I recently had the opportunity to conduct a series of CIO roundtables to explore enterprise CMS trends that are top-of-mind for IT leaders. Here’s what I can tell you: What CIOs want for Christmas is a Chief Process Officer (CPO).
According to our CIOs, IT spending is increasingly being viewed as an investment rather than an expense. CIOs are being tasked with getting more value out of their existing stacks, and creating composite applications is an effective way of achieving this goal. However, as more of these composite applications are created, bringing together different systems, departments and ways of getting work done, the need to clearly define process is becoming more important than ever.
Enter the CPO.
All I Want for Christmas…
When it comes to success, every CIO has different goals. “Success means people aren’t complaining,” said one roundtable participant. “Success is being able to demonstrate your promises,” said another. Others had more intangible ambitions: “Success is driving innovation into the hearts and minds of your users.”
Regardless of how they define success, CIOs agree that change management is central to achieving their goals, particularly because business unit leaders don’t always understand the value of IT initiatives.
In general, CIOs are tasked with consolidating systems, harnessing efficiencies and doing more with less -- on an enterprise-wide scale. Business unit leaders, however, tend to have a less expansive view. According to Gartner’s Kenneth Chin, “If you’re responsible for a department, then that is your enterprise.”
In other words, business unit leaders tend to push for the technology that will best serve their needs, without taking the rest of the organization into consideration. The CIO is the one who can see the big picture, who can implement the technology that will optimize processes across the entire organization -- not just in one or two departments.
Our CIOs noted that selling the need for new technology to the business units frequently triggers one of two reactions:
- Resistance from people who don’t understand their own business processes and who just want to do things the way they’ve always been done.
- Resistance from people who are technically savvy and believe they need “a cannonball when what they really need is a fly swatter.”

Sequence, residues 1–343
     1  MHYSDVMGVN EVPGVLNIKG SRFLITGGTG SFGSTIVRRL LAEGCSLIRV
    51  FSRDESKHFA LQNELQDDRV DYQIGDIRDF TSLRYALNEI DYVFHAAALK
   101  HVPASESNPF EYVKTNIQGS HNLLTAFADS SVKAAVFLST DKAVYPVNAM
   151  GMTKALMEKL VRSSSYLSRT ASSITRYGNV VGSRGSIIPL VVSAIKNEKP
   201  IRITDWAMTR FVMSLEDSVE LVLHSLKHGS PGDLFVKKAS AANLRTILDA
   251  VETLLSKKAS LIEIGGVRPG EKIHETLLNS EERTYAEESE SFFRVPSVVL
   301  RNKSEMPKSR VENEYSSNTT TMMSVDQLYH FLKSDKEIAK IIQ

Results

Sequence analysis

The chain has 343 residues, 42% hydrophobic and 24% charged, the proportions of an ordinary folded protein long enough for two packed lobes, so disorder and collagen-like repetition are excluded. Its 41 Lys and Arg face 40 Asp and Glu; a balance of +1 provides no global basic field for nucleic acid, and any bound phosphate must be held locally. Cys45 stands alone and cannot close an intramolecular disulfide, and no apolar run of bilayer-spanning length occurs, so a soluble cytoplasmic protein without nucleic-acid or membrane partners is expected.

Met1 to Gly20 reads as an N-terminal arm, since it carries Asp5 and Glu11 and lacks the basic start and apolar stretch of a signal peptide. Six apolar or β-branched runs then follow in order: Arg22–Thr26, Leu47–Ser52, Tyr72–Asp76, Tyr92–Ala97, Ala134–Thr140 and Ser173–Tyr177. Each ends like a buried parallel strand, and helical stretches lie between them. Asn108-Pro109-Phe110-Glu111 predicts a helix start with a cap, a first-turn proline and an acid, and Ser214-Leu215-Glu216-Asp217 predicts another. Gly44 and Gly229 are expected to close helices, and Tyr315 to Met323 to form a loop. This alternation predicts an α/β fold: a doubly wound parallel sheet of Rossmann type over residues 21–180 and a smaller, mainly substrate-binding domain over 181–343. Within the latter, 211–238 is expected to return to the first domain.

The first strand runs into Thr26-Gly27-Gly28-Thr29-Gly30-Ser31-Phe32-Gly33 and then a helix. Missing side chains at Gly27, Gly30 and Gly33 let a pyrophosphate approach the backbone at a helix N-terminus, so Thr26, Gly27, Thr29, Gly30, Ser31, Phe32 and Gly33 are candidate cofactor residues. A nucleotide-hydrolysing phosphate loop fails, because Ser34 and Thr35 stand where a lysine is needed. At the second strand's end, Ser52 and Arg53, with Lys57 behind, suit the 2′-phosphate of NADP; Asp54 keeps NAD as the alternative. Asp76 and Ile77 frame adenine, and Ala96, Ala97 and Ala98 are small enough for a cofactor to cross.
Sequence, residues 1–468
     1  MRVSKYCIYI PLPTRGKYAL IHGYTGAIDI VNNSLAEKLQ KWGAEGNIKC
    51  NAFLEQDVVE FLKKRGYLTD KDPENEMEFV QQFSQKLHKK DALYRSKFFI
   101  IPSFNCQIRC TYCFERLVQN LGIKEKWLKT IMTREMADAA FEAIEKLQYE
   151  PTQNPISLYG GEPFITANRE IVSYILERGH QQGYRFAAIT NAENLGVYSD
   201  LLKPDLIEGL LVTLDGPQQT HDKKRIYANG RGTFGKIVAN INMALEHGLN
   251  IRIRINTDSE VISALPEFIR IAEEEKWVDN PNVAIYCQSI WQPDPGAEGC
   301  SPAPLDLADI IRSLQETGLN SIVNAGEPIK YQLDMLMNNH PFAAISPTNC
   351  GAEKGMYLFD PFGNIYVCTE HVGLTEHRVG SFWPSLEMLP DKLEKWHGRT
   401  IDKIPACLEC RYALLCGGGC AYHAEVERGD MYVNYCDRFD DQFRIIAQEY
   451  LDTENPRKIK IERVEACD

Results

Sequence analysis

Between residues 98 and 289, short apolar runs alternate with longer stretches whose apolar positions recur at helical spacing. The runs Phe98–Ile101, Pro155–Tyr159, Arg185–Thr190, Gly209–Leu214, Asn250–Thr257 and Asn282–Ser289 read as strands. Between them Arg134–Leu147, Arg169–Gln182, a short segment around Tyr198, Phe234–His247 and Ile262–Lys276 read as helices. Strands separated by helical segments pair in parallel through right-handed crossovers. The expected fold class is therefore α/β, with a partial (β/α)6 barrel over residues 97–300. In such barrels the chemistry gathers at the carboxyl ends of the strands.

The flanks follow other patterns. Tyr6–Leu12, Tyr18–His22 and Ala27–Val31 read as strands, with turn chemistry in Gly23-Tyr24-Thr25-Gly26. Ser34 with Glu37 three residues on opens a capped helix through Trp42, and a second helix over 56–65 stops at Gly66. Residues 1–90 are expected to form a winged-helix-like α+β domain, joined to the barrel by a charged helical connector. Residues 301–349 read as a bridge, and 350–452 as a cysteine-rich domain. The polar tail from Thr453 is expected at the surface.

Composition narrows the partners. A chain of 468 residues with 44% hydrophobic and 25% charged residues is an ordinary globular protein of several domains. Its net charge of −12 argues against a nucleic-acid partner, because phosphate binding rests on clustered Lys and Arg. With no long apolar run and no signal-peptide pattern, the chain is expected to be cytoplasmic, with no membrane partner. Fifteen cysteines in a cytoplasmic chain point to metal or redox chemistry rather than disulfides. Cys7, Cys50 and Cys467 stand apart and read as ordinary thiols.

Both of these problems could be addressed by a CPO.
What Is a Chief Process Officer?
As defined by the attendees at our roundtables, the Chief Process Officer has a hybrid role. Ideally, the CPO comes from an IT background but has spent time embedded in different business units. This gives the CPO a “feet-on-the-street” understanding of the needs of the different BUs and the technical expertise to implement software and systems that meet those needs. It also gives the CPO practice advocating for -- and negotiating with -- a variety of LOBs.
The CPO’s job is to identify and analyze core processes, identify process owners and work with them to transition them onto enterprise systems while optimizing their workflows. Communication -- and the ability to “market” change -- is a huge part of the CPO’s job.
When it comes to ECM, a key metric of success for the CPO is minimizing turnover from frustration with the document infrastructure. Our research has shown that more than 80% of digital resources are not accessible across the enterprise because of information silos. It would be the CPO’s job to change this.
Another important goal for the CPO is to use the ECM system to create composite content applications that are used successfully across departments. A few examples of ECM-centric composite applications include:
- Benefits enrollment
- Case management
- Claims processing
- Contract management
- Correspondence support
- Invoice processing
- HR on-boarding
- Purchase order management
- Sales order and material processing
Our CIOs noted that ECM systems that include a graphical workflow interface are particularly helpful for CPOs, who can use the graphical representation of a process when reviewing it with process owners and other key staff.
Some organizations hire consultants to do CPO-type of work, but our CIOs cautioned against this approach. “It takes so long to teach them about our business,” said one roundtable attendee, “and then they tend to give us an answer we already know.”
Our CIOs all agreed that success is hard to measure. Enlisting the help of a CPO to keep track of the moving targets at the different BUs will empower CIOs to keep their eye on what’s best for the enterprise as a whole.
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